followers: 1000,
            stars: 47200,
            forks: 5400
        ),
        GithubRepo(
            id: 8,
            name: "grafana",
            organisation: "grafana",
            language: .Go,
            followers: 1300,
            stars: 37500,
            forks: 7600
        ),
        GithubRepo(
            id: 9,
            name: "pytorch",
            organisation: "pytorch",
            language: .Python,
            followers: 1600,
            stars: 43000,
            forks: 11200
        ),
        GithubRepo(
            id: 10,
            name: "tensorflow",
            organisation: "tensorfow",
            language: .Python,
            followers: 8300,
            stars: 149000,
            forks: 82900
        ),
        GithubRepo(
            id: 11,
            name: "django",
            organisation: "django",
            language: .Python,
            followers: 2300,
            stars: 52800,
            forks: 22800
        ),
        GithubRepo(
            id: 12,
            name: "airflow",
            organisation: "apache",
            language: .Python,
            followers: 716,
            stars: 18500,
            forks: 7200
        )
    ]
}

Now that we have the data, time to visualise it. Let’s add some SwiftUI components for that.

Let’s start by adding a list view, save the following code as

RepoList.swift
:

import SwiftUI

struct RepoList: View {
    var repos: [GithubRepo] = []

    var body: some View {
        NavigationView {
            List(repos) { repo in
                RepoRow(repo: repo)
            }
            .navigationBarTitle(Text("Repositories"), displayMode: .inline)
        }
    }
}

struct RepoList_Previews: PreviewProvider {
    static var previews: some View {
        RepoList(repos: GithubRepoRepository.shared.list())
    }
}

Notice the

RepoList_Previews
- it’s a handy way to quickly preview your components without running the app!

As you can see, our list view uses another component,

RepoRow
. Let’s add some code to
RepoRow.swift
to define it:

import SwiftUI

struct RepoRow: View {
    let repo: GithubRepo

    var body: some View {
        HStack {
            Image(imageName())
                .resizable().frame(width: 32, height: 32, alignment: .center)

            VStack(alignment: .leading, spacing: 7) {
                Text("\(repo.organisation) / ").font(.system(size: 20)).fontWeight(.light) +
                    Text(repo.name).font(.system(size: 20)).fontWeight(.bold)

                HStack(alignment: .lastTextBaseline) {
                    LabeledIcon(name: "arrow.branch", label: formatNumber(repo.forks))
                    LabeledIcon(name: "star", label: formatNumber(repo.stars))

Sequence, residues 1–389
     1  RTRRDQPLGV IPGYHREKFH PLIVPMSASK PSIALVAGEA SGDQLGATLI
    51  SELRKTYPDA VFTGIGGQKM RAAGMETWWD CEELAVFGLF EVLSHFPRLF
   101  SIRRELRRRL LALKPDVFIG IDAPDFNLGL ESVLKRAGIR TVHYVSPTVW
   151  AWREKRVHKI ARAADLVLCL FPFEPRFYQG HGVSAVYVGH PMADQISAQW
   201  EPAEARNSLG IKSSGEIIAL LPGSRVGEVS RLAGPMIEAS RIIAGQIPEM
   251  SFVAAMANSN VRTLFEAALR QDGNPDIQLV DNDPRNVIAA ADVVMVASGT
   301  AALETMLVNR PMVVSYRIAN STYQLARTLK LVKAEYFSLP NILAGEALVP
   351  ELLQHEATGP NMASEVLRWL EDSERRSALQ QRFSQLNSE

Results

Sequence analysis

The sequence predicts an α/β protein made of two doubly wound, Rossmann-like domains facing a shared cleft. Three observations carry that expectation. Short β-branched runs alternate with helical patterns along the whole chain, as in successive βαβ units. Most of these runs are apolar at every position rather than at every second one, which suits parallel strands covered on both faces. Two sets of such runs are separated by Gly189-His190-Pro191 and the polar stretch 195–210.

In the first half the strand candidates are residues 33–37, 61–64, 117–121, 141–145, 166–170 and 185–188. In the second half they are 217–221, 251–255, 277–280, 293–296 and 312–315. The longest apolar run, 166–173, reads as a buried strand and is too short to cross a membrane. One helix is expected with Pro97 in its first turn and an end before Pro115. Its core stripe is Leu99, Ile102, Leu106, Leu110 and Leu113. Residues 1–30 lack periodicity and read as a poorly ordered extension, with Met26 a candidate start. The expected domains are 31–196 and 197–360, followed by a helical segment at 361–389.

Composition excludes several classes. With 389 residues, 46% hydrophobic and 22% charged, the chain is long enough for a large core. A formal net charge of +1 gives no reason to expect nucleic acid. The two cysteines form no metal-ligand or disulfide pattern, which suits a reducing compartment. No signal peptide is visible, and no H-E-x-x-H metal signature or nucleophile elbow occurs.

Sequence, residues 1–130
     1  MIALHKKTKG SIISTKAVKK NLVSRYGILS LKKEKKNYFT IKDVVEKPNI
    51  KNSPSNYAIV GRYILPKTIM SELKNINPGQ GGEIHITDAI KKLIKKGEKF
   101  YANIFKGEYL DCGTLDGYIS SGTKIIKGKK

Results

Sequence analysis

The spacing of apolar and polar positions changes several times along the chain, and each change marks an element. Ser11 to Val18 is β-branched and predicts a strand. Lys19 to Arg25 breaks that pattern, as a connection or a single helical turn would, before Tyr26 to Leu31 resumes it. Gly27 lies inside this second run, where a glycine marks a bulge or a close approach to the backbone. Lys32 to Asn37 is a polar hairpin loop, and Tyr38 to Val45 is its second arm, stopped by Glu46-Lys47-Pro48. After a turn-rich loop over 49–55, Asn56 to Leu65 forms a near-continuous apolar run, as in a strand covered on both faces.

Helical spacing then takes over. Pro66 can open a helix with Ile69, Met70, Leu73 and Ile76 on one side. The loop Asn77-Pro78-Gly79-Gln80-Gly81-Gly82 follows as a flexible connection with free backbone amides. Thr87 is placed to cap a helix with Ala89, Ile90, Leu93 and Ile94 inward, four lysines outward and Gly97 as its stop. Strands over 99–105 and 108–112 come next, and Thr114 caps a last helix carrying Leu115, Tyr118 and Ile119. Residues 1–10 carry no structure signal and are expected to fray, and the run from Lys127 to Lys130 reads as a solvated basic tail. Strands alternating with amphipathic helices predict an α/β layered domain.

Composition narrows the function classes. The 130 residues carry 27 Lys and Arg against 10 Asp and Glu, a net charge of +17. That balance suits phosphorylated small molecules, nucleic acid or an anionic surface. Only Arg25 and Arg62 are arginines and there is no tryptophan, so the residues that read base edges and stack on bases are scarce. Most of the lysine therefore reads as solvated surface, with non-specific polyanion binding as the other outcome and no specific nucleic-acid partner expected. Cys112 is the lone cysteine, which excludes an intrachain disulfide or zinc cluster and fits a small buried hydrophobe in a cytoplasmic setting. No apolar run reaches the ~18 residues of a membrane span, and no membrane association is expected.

LabeledIcon(name: "eye", label: formatNumber(repo.followers))
                }
            }
        }
    }

    private func formatNumber(_ value: Int) -> String {
        if (value < 1000) {
            return String(value)
        }

        if (value < 10000) {
            return "\(String(Double(value) / 1000))K"
        }

        return "\(String(value / 1000))K"
    }

    private func imageName() -> String {
        switch self.repo.language {
        case .Go:
            return "logo-go"
        case .Python:
            return "logo-python"
        case .TypeScript:
            return "logo-ts"
        }
    }
}

OK, now as you can see we are referencing some images with language
logos, so let’s add those to our project. Download and extract LanguageLogos.zip, then you should have the following files:

  • logo-go.png
  • logo-python.png
  • logo-typescript.png

Now let’s add them to our project:

Select Assets.xcassets in the navigation bar in Xcode, then click the + button in the bottom pane and finally click on the Image Set:

image

Type logo-go as the name, then drag and drop the logo-go.png file to all sizes (1x, 2x and 3x) placeholders. Repeat the same for logo-python and logo-typescript and you should have the following result:

image

Lastly, there is one more component to add - the

LabeledIcon
. Let’s add the following code and save it as
LabeledIcon.swift
:

import SwiftUI

struct LabeledIcon: View {
    let name: String
    let label: String

    var body: some View {
        HStack(spacing: 3) {
            Image(systemName: name).foregroundColor(.gray).imageScale(.small)
            Text(label).font(.system(.caption)).fontWeight(.ultraLight)
        }
    }
}

Voila! Now you can go ahead and try running the preview for

RepoList
. You should see something like this: